I think I'd set up a test - get a power line tester (the kind that plug in to the wall socket and have a meter showing power level) and place it next to your LED and shoot some time lapse (or just pop in every so often and shoot another frame with both the LED and the power meter clearly visible. Best to try this during the day when chances of fluctuating current are highest). You want to make sure there's no chance anything else is causing flicker, such as the conditions I posted about above.
See if the power level itself fluctuates and see if the LED seems to get dimmer and brighter in reaction to it. Once you've determined that then you could do another test - set it up the same way but also include your other lighting. Example, if the power fluctuates but the LED light stays nice and steady, then you'd want fluorescent lights, so buy one and set it up for this test. See if both lights remain constant even as the power levels change. If they do then you're good to go.
Or if the LED does ramp up and down with power levels, then you'd want some incandescents.
OK, here is my plan.
Having all LED lighting will, I hope, sidestep the issues I would have in using fluorescent bulbs.
I also have Dragonframe which, as you say, will help keep flicker to a minimum–- I will also procure a black curtain that I can hide behind thus avoiding my presence being a source of flicker.
Do you still think I will need to do all the electric testing? If so can you send me a link to a power line tester that you know of.
I'd like to put you in the special thanks for the film. Could you please email me your name at email@example.com-- unless you're happy to be credited as Strider.
Sounds like a good plan to me! The tests aren't necessary unless you're still getting flicker after all that and want to determine if it's voltage related. I was just thinking out loud of a way to tell if a particular setup was going to work or not.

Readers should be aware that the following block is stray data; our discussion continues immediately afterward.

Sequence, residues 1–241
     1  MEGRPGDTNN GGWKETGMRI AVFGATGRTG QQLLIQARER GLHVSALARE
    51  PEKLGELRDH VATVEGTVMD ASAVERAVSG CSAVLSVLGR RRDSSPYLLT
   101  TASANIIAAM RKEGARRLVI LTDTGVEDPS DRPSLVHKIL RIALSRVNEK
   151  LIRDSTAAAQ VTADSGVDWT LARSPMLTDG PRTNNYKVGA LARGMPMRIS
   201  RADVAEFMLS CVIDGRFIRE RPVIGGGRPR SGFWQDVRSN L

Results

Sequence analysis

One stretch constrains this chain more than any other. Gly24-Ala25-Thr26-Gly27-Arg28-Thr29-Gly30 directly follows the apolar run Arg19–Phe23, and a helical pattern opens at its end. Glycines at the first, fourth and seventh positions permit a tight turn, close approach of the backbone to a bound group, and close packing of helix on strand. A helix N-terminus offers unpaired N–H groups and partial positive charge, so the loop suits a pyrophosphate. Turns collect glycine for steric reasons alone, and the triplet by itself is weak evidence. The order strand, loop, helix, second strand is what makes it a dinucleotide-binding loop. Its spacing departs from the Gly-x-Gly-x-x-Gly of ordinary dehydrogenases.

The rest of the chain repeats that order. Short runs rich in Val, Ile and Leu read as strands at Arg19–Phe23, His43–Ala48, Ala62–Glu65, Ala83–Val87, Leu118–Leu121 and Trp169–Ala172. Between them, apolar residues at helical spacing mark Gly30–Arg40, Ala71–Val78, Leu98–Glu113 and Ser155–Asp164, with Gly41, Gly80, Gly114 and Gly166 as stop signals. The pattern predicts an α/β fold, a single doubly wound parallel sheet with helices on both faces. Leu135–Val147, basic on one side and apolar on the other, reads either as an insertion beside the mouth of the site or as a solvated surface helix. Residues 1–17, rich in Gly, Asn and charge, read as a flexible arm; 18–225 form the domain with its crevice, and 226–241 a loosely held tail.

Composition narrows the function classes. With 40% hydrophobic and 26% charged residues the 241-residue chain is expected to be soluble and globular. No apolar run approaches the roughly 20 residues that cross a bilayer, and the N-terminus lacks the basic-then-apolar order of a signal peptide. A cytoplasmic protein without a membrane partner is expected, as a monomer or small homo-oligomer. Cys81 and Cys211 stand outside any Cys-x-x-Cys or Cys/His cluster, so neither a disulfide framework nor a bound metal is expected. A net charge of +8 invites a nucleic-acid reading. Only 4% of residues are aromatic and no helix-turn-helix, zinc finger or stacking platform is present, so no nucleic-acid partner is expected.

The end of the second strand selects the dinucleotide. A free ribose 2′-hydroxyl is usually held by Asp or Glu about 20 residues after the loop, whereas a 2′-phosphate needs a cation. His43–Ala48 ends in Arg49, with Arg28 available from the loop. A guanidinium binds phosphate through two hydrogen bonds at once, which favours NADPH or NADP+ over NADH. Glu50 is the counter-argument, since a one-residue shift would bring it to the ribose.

And I don't mind sharing my real name here on the board - I used to have it in my signature for years - its Mike Brent.
To test for fluctuating current -
I get it just from homes factories in the neighbourhood switching things on and off. But to do the test, I switched the oven in my studio on and off so I could make sure I got a power drop.
I put the multimeter in front of the camera. I tried a cheap digital meter but it showed the numbers constantly changing whether the voltage varied or not. My old analog meter with a needle (bought in 1972 to fix old British motorbikes with dodgy electrics) was more reliable and could actually show me what was happening. I didn't need to see my lights in shot, just use them to light the set and the meter. Voltage varied by 1 or 2 volts, and that was enough to change the brightness.
Any light which responds to a dimmer switch will also respond to varying voltage from your power supply. My fluorescent lights don't - they stay the same brightness until the dimmer goes too low, then cut out completely.
The LED downlights we just had put in our ceiling to replace the old halogens apparently wouldn't work with our dimmer switches so the electrician bypassed the dimmers. But I'm pretty sure I've seen LED indicator lights on equipment that could get brighter or dimer, so I'm not sure if they will flicker or not. LEDs are only just now beginning to drop in price to something reasonable as they become more mainstream, and look like being the way of the future.
Strider- CFL's don't flicker whatsoever. Those things are so good these days that they really smash the cold, greenish fluoros of the 90's. It's nice being able to shoot with incandescent white balance and not have to change it because the color temperatures of CLF's are available at 2700k (pretty close to a warm incandescent bulb-and not too far from the color temperature of the sun).
Nick- yeah, I definitely don't recommend dimming fluorescents. Color temperature changes with the brightness, if they will dim at all. Incandescents and halogens are best for dimming. Strange, that some fluorescent lights will dim and others wont' dim even a little bit. Mine do, but again- the color temperature is not the same throughout the dimming so it doesn't really work. I just stopped trying to dim them altogether.
As far as LED's- I keep looking or a higher brightness rating on those. So far, the ones I'm finding are only about 80 lumens- way too dim to replace a standard 100 watt bulb! Hopefully that will change as they get cheaper and better (and become the new go-to standard, hopefully!)